So I came home from the hospital today with good news I wanted to share. I was there for a EGD scope, a procedure that looks at the upper GI tract. A post-chemotherapy PET scan had shown the original cancer in my bladder was gone — yay chemo! — but there was a suspicious area on a lymph node next to my esophagus. So they ordered the endoscopy. They removed some tissue today for a biopsy, but no malignancy was detected during the procedure.

Which was good news indeed, and I wanted to share it with the Facebook friends who have offered prayers, healing vibes, cat pictures and other forms of encouragement during my treatment for cancer.

But when I tried to log on to FB, this happened. Instead of my timeline, I got this notice:

You will notice that: (a) today is March 23; and (b) the notice says my account was locked on March 17. (It wasn’t.) Typical of FB’s slapdash handling of customer relations. So is the lack of any advance notice. You see, this isn’t my first time around the mulberry bush.

To briefly recap: I was locked out from March 2022 until late August or early September because I wasn’t able to turn on something called “Facebook Protect.” I was locked out without notice, and I was unable to find anyone at FB who could help me get back on. Then, inexplicably, six months later I inadvertently followed a link to an item on my old FB page, and bingo! There I was. Just like nothing had happened. Again, without notice and without any explanation.

Later, for a period of several weeks in December, threatening messages appeared on my timeline that my FB account would be locked unless I turned on “Facebook Protect” by Dec. 20. The deadline came and went, and nothing happened. I suspect it was some kind of hoax, but I don’t know because — typically — I was unable to contact anyone at FB to explain what was (or wasn’t) going on.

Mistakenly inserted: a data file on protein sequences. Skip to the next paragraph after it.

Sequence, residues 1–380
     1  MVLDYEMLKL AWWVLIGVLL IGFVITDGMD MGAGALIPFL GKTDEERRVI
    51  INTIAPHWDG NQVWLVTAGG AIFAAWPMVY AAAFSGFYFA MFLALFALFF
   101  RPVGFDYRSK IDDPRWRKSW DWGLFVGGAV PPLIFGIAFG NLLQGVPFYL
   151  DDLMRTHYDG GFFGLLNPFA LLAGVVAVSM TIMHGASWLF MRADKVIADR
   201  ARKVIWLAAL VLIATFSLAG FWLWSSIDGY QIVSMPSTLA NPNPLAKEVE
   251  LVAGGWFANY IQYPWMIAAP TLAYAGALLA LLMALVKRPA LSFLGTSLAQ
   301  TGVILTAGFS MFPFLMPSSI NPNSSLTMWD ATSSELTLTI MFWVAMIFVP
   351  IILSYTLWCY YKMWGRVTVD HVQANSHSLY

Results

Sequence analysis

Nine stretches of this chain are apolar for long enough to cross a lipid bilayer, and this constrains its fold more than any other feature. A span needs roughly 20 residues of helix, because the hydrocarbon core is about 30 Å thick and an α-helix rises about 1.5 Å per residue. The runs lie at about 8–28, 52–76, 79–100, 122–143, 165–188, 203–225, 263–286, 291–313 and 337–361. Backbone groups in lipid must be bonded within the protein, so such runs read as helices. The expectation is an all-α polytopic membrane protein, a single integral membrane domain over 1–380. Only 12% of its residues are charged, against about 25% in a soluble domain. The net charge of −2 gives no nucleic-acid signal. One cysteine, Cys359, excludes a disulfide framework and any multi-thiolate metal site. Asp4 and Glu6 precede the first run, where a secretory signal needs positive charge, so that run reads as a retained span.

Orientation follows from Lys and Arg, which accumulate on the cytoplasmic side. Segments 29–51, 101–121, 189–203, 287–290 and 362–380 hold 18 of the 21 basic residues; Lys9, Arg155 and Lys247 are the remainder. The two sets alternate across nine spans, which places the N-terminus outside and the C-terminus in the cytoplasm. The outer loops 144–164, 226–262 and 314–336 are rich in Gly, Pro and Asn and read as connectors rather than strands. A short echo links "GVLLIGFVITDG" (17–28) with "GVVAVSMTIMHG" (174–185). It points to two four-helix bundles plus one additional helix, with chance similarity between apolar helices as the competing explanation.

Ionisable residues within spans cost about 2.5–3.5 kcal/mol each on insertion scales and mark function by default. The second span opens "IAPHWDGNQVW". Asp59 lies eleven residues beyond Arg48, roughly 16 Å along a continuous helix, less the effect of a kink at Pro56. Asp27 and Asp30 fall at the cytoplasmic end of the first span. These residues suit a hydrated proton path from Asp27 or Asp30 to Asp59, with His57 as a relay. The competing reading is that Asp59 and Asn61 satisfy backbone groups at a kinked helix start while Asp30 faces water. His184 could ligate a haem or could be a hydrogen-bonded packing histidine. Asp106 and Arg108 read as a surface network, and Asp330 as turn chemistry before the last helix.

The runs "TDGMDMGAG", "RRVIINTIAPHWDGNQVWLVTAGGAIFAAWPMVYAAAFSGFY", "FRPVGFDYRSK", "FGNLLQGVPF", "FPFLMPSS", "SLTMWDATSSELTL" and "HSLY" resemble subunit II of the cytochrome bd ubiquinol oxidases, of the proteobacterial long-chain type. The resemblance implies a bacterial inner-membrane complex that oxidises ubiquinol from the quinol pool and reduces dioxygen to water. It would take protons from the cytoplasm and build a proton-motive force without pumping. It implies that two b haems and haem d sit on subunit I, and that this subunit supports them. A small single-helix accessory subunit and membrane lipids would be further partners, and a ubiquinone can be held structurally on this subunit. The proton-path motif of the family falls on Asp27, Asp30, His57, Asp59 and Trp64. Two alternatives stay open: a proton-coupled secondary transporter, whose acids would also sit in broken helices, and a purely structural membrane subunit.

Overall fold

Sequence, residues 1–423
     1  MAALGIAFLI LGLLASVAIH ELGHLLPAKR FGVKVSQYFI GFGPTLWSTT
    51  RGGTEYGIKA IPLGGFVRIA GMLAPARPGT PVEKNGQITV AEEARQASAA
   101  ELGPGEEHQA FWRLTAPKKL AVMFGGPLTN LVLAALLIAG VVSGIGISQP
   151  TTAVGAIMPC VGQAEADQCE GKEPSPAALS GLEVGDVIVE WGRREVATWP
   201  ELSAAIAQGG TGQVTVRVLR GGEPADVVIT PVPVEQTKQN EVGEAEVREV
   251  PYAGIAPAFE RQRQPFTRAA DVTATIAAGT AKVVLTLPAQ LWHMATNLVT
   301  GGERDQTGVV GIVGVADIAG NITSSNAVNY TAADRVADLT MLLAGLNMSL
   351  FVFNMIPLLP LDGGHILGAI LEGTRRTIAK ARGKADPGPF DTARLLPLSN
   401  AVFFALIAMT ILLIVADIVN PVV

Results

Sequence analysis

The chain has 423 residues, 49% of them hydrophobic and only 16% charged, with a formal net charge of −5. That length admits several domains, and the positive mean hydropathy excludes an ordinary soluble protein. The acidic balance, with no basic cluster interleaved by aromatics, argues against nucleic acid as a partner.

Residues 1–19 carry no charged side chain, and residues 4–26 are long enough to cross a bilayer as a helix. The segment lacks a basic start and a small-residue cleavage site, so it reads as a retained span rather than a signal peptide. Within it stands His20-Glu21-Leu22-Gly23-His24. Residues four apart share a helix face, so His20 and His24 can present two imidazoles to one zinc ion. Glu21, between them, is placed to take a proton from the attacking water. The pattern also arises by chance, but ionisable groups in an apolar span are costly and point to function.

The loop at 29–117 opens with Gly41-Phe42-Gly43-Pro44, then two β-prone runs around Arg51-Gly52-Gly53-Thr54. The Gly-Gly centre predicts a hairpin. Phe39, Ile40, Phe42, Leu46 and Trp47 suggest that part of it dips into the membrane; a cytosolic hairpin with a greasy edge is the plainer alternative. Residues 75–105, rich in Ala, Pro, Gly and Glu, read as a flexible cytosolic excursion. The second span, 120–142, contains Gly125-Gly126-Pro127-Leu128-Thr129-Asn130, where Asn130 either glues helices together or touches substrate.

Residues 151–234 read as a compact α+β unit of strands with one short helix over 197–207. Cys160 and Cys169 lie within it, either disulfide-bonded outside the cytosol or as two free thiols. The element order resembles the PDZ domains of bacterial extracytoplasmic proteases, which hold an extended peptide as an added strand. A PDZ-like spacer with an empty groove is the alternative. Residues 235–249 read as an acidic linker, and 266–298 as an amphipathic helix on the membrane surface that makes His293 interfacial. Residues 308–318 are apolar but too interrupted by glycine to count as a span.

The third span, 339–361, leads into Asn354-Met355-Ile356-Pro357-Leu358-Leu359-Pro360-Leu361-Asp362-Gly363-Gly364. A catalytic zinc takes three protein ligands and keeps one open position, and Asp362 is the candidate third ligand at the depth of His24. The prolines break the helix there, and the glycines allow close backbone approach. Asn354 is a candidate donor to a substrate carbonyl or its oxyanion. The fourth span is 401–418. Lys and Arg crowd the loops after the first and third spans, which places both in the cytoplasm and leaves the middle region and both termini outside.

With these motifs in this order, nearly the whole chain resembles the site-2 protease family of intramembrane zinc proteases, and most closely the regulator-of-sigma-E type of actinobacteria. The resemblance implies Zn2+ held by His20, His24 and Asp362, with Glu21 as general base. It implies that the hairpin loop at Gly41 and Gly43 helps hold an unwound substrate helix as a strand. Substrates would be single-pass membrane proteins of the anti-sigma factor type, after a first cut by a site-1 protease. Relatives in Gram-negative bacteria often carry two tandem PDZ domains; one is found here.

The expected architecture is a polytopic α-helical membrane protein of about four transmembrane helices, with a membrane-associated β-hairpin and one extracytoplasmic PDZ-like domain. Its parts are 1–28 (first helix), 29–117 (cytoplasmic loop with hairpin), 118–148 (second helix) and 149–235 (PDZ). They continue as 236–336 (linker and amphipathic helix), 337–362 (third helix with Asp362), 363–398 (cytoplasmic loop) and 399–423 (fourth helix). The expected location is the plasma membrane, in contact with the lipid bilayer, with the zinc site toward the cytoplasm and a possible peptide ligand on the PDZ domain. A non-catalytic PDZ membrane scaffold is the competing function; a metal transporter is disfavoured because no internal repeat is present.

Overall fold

During the first two chapters of this saga, I recorded more details in two posts to Ordinary Time:

I believe my headlines tell you everything you need to know.

What’s ironic is that I suspect any fairly knowledgeable 15-year-old would know how to enable this new super-duper two-factor authentication gizmo. But as far as I can tell, it requires me to use apps or hardware that I don’t have, and my efforts off and on for the past year to find anybody at FB who can help me find a workaround have been unavailing.

Instead, when I followed the links promising “we’ll walk you through the program details and help you fully enable Facebook Protect,” I got this message:

Since I don’t have a smart-phone to receive text messages with, and I don’t know what the hell they’re talking about in the other alleged security methods, I’m back at square one.

Suffice it to say I’ve had it up to the keister with FB.


Sooner or later, I’ll probably get around figuring out what hoops they want me to jump through and get back on. Or they may inexplicably decide ha ha just foolin’ and unlock my account like they did last summer.

But for now, I’m going to take this as a sign that I’ve been spending too much time on social media. I’m going to miss the people with whom I’ve shared cat pictures and theorizing about theology, politics, hymnody and old-time string band music. And I’m going to miss keeping up with former students and old friends from East Tennessee with whom I’ve reconnected on FB. But I have enough else going on in my life right now, and I don’t need the hassle of fighting with FB added onto it.